What is a panic attack?

A panic attack is a sudden and overwhelming feeling of anxiety, fear and terror. The intensity of a panic attack usually reaches a peak within 5-10 minutes. A person who is having a panic attack may interpret the intense physical symptoms (e.g. palpitations, sweating, dizziness) as dangerous or life threatening and feel that they cannot cope.

Symptoms of panic attacks

These are usually an exaggeration of the normal bodily reaction to a fearful situation. These symptoms can be very sudden, unpleasant and frightening and people often misinterpret the symptoms to mean that something very bad is happening. Common thoughts might be “I am having a heart attack” or “I am going to pass out”.

Catastrophic misinterpretations: The catastrophic misinterpretation is what drives the panic cycle. If you can recognise that the uncomfortable physical symptoms are not harmful, the vicious cycle is broken and the anxiety does not become a panic attack.

Selective attention: Research shows that those who experience panic attacks are much more likely to notice physical changes in their bodies, such as an increase in heart rate or a change in temperature. The difference is that most people are unaware of these changes or do not think much of them. Those who suffer from panic attacks are much more likely to notice these changes and also more likely to instantly worry that they are going to cause another panic attack.

Avoidance behaviours: When a situation causes us anxiety, it is completely understandable that we would try to avoid that situation. Sometimes we may not avoid the situation completely, but we might adopt safety behaviours to help us cope.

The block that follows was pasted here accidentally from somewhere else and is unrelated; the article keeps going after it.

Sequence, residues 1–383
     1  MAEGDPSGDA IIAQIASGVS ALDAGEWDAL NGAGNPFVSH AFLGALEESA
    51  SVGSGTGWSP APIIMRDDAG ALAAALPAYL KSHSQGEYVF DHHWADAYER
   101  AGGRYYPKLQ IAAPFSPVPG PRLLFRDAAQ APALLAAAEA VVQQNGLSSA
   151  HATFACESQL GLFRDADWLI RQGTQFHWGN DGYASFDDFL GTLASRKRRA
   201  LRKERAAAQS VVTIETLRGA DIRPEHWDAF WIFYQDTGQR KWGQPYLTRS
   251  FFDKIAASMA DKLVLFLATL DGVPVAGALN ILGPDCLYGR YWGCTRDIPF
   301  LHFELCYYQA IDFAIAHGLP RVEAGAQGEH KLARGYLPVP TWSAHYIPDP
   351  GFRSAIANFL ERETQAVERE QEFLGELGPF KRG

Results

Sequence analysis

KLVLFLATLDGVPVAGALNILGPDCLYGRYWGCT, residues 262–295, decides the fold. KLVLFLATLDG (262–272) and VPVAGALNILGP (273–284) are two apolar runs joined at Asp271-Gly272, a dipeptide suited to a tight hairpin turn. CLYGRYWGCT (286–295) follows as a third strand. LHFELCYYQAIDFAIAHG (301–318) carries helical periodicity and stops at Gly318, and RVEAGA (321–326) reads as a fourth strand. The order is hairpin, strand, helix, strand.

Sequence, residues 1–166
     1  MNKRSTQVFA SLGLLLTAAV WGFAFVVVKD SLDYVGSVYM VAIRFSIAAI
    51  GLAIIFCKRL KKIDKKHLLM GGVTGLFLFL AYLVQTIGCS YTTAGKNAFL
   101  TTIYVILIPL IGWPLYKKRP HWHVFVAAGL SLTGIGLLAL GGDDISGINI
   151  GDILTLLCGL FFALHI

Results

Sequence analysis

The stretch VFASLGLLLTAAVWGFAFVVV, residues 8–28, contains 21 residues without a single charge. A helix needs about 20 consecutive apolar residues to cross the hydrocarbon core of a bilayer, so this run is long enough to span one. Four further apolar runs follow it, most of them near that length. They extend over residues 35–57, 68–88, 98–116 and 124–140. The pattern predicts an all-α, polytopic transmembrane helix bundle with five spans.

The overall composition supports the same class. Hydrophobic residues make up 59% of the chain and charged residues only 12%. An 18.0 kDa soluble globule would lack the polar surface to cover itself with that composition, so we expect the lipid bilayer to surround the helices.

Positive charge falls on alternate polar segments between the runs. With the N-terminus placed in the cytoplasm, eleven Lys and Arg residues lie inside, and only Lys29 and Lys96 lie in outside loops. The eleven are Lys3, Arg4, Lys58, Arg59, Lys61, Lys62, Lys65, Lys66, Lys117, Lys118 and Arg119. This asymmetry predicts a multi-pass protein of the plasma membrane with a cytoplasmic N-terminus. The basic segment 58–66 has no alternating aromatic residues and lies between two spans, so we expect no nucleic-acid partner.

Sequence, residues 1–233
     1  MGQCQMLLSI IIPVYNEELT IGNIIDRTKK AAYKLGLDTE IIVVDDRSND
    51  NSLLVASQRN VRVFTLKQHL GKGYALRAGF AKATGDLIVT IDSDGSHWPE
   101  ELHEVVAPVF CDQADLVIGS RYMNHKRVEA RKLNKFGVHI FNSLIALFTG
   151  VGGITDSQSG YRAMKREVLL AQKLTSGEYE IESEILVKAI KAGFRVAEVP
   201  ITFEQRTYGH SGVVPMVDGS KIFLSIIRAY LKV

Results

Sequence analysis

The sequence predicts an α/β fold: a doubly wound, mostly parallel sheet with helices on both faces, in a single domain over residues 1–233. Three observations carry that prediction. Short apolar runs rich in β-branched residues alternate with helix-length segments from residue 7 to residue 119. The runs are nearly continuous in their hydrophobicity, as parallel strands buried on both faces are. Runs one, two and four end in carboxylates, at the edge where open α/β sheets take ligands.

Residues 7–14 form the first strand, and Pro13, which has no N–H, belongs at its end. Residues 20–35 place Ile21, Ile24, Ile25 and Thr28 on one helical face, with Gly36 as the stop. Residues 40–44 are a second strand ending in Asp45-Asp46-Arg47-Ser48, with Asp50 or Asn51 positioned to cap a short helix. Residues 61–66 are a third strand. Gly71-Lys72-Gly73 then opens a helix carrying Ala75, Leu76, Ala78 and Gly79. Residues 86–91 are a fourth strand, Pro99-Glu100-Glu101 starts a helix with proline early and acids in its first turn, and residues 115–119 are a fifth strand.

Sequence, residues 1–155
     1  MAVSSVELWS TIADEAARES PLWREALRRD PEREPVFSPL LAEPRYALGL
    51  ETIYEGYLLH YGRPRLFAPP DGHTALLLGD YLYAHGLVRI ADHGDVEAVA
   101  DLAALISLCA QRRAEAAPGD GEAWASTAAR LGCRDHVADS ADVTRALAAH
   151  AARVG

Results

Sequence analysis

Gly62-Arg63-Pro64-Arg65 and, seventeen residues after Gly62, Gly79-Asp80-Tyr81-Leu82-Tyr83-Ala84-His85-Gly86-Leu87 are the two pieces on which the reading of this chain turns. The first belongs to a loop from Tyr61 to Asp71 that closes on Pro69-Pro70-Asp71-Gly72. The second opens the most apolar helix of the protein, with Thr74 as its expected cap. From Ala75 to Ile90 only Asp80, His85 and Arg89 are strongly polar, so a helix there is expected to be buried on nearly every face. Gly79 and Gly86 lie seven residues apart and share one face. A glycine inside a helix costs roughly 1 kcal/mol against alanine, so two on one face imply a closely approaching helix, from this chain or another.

Safety behaviours: make us feel “safe” in the anxiety-provoking situation. They are behaviours that we see as being helpful, as we feel that they make it less likely that something bad will happen. Avoidance and safety behaviours are helpful in the short-term, but in the long-term they maintain our anxiety.

The most important part of overcoming anxiety is tackling avoidance and facing fears. You may find that this is also the most challenging part of your work in overcoming anxiety.

We have partnered with Silvercloud to offer you free access to a Cognitive Behavioural Therapy (CBT) self-help programme, designed by clinical experts using proven methods for helping people, all with the aim of empowering you to think and feel better.

This programme is based on the principles of Cognitive Behavioural Therapy (CBT).

CBT consists of two key steps to feeling well:

  1. Understanding what’s going on inside you
  2. Making changes to feel better

The key idea behind CBT is that your emotions, thoughts, behaviours and physical sensations are connected, and affect each other.

Simply choose your programme on SilverCloud. When prompted to sign up, you will need an access code to enable you to create your account and use this resource. The access code is kwnelselfhelp

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